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What's really behind the bombing in Buenaventura

Written by Kelly Nicholls, Gimena Sanchez, Charo Mina Rojas, and Joseph Jordan

Tuesday, 06 April 2010 17:43

A car bomb exploded in Colombia’s port city of Buenaventura last month, killing nine people and leaving 60 others injured. The U.S. plans on utilizing this port as a major point of export and import should the US-Colombia free trade agreement pass in the future. This incident underscores the insecurity faced by civilians – the majority of whom are Afro-descendants - in this area known for drug smuggling and high homicide rates.

The bomb exploded on the morning of March 24 in the heart of the downtown right between the Mayor and the Attorney-General’s offices. While authorities have said they suspect the leftist FARC rebels to be responsible, they have not ruled out the possibility that the bomb was planted by the drug smuggling groups in retaliation for the Attorney-General’s drug investigations

National and local authorities have convinced some in the U.S. Congress that the security problem in the port city is improving, with a noted decrease in homicides. However, in our recent trip to Buenaventura in February as part of the International Pre-Electoral Monitoring Mission, we witnessed that levels of violence had not decreased as such, but rather there were new modalities of violations and crime.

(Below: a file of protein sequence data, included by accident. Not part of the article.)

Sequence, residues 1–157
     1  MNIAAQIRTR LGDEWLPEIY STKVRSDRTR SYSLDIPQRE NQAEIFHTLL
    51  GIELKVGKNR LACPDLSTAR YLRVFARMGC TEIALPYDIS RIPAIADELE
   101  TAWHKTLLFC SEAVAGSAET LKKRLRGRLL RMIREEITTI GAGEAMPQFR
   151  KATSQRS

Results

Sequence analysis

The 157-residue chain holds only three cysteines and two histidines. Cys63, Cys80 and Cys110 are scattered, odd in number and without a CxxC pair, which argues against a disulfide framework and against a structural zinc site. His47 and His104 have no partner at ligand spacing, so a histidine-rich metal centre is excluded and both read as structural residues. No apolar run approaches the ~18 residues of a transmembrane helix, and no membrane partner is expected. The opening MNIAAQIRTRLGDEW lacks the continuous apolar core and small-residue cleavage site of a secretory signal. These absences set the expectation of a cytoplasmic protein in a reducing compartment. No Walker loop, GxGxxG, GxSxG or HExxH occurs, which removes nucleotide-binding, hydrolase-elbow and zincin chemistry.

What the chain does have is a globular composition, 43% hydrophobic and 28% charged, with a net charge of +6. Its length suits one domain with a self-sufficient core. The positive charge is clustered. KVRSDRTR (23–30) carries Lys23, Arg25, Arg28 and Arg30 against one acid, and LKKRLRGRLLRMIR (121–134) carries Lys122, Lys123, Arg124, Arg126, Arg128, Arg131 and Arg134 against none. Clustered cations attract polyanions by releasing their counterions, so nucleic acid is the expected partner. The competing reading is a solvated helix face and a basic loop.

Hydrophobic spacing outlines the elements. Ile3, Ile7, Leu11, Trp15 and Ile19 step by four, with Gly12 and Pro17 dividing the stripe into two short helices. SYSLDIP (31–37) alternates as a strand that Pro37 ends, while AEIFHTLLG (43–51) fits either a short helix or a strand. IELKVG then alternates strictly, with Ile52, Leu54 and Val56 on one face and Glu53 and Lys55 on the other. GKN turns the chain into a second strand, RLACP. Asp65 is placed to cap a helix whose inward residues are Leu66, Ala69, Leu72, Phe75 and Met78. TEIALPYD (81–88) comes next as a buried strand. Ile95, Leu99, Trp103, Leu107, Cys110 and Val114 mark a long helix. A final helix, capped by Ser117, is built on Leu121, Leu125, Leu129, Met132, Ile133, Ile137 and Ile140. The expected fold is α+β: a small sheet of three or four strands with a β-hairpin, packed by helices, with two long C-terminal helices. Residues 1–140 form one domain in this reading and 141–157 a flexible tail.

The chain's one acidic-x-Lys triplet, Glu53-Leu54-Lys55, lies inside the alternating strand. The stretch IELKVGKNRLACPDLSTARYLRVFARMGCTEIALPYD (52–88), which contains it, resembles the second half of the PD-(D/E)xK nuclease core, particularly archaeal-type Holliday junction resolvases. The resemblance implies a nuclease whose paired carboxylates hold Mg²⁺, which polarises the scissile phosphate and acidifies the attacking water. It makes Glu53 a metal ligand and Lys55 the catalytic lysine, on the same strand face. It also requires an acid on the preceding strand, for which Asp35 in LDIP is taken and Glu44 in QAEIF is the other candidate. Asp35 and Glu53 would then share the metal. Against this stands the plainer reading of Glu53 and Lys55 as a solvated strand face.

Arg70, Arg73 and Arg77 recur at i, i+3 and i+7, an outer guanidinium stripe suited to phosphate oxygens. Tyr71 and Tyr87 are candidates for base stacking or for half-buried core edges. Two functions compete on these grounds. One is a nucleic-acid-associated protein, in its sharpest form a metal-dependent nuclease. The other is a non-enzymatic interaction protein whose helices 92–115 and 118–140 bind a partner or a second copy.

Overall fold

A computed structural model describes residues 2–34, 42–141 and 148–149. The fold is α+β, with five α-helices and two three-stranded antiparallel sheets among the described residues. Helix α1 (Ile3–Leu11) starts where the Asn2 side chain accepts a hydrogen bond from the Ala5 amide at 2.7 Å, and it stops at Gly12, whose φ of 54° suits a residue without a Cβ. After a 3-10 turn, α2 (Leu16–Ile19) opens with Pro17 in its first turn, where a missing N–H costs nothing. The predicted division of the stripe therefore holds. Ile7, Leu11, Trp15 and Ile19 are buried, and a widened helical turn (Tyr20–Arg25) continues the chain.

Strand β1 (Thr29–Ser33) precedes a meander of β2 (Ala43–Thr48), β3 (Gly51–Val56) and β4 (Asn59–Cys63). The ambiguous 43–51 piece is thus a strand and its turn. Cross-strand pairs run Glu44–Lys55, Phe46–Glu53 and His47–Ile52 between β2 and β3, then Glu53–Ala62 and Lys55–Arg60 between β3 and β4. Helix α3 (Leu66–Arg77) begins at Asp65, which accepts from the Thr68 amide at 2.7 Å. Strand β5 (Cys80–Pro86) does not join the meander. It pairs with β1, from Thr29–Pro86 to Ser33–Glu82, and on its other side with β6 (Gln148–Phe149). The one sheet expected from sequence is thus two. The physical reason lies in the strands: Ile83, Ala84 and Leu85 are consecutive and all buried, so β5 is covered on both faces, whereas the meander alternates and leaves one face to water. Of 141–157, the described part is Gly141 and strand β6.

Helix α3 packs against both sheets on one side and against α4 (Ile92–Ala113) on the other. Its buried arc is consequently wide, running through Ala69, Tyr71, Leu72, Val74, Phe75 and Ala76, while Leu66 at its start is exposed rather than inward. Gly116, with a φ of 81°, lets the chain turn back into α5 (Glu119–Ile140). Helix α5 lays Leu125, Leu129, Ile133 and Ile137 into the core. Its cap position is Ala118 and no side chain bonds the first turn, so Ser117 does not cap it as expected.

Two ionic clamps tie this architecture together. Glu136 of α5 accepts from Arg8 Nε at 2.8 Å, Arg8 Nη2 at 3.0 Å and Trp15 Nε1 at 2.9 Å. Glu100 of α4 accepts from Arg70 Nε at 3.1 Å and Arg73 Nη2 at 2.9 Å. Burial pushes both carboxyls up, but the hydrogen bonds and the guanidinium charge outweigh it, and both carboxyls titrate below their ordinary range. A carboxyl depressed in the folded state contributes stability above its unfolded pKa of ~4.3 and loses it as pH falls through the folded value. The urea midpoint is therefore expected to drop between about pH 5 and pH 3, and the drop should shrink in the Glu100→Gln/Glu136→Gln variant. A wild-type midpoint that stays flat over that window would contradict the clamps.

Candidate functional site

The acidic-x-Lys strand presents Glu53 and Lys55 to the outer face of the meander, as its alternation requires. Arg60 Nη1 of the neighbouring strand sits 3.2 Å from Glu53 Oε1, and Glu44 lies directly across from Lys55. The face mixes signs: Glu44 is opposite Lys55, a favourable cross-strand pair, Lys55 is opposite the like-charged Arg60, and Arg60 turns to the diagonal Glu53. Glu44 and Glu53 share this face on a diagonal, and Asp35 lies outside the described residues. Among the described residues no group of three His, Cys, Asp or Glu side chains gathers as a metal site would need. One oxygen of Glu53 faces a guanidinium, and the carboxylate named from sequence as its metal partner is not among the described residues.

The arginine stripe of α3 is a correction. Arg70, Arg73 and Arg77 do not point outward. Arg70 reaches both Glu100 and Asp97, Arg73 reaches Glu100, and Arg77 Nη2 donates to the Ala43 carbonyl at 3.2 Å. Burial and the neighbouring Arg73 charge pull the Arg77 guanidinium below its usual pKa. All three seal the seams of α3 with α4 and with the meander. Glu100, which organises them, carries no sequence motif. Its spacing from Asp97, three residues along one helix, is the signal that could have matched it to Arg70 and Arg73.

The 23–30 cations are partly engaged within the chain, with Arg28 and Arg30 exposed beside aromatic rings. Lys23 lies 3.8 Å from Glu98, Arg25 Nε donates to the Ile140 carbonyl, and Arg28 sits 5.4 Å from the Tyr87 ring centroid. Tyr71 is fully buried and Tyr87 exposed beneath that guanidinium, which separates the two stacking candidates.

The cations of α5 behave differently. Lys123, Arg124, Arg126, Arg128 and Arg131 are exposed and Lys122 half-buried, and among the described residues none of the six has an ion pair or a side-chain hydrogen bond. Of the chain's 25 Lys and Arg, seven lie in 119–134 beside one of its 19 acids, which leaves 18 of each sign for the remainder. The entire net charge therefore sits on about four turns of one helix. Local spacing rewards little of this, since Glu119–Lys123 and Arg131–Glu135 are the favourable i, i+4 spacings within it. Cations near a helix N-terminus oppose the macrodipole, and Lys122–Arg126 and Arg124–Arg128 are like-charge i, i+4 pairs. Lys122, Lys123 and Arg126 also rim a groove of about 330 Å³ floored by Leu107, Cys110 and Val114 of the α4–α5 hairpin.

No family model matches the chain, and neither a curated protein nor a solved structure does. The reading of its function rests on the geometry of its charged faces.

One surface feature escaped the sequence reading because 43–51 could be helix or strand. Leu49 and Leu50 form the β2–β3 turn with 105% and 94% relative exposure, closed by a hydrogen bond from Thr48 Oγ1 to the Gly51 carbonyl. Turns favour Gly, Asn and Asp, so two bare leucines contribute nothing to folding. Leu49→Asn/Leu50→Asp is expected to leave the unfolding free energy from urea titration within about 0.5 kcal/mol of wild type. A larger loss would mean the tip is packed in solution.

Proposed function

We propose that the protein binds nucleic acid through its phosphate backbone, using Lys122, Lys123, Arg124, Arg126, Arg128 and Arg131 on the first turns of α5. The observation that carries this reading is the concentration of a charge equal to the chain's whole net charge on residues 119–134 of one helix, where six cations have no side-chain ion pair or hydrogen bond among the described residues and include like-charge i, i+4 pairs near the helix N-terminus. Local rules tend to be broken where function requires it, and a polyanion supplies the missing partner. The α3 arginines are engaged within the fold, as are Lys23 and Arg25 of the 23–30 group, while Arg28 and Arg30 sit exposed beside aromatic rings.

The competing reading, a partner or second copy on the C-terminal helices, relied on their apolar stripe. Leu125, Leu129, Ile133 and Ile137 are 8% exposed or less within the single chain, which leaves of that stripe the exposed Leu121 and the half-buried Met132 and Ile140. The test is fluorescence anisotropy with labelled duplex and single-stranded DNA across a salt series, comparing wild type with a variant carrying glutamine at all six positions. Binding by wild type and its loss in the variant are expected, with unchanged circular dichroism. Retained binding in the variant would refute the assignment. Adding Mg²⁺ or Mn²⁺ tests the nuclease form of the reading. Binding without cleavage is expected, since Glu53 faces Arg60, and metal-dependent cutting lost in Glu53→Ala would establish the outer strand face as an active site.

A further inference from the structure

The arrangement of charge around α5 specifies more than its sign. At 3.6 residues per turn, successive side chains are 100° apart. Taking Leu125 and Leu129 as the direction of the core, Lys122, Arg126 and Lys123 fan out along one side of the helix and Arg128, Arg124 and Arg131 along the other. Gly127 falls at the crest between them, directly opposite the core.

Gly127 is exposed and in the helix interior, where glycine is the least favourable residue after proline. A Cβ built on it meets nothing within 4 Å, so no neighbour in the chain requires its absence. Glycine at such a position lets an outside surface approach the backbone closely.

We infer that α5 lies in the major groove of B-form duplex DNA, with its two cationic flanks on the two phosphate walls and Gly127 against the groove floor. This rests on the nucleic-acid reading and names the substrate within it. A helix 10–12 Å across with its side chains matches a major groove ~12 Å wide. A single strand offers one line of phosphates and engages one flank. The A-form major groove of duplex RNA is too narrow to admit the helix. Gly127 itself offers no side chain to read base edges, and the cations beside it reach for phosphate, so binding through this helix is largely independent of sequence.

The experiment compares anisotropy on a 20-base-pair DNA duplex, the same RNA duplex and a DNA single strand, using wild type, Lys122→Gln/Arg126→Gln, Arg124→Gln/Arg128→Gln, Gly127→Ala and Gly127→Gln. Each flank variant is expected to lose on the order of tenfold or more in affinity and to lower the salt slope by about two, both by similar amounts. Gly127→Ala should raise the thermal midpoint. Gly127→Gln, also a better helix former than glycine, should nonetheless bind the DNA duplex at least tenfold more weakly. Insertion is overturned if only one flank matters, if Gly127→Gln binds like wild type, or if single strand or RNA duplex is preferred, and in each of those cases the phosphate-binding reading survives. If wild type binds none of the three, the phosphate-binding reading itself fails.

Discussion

Previously, both the left-wing militia and the right-wing paramilitaries had control of different neighborhoods in the urban center and fought for control of the waterfront communities, which are key real-estate for drug smuggling. However, we heard that in October 2008 the paramilitaries gained control of all of this area. Many local organizations and residents allege that the armed forces openly collaborated with the paramilitary groups to oust the militia.

Subsequently the high levels of homicides caused during the fighting between the two groups have decreased. However, what has replaced this is truly disturbing. Local authorities and organizations report an increase in forced disappearances, where people go missing and are either never found or their remains - generally cut into pieces with chainsaws - are discovered in the waterways by local fisherman.